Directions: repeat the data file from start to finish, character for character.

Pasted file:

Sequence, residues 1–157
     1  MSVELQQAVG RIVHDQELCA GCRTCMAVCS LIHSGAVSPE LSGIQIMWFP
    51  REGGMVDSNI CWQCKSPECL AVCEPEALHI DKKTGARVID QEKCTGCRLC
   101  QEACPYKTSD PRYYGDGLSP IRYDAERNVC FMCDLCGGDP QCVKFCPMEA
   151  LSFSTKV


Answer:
Sequence, residues 1–157
     1  MSVELQQAVG RIVHDQELCA GCRTCMAVCS LIHSGAVSPE LSGIQIMWFP
    51  REGGMVDSNI CWQCKSPECL AVCEPEALHI DKKTGARVID QEKCTGCRLC
   101  QEACPYKTSD PRYYGDGLSP IRYDAERNVC FMCDLCGGDP QCVKFCPMEA
   151  LSFSTKV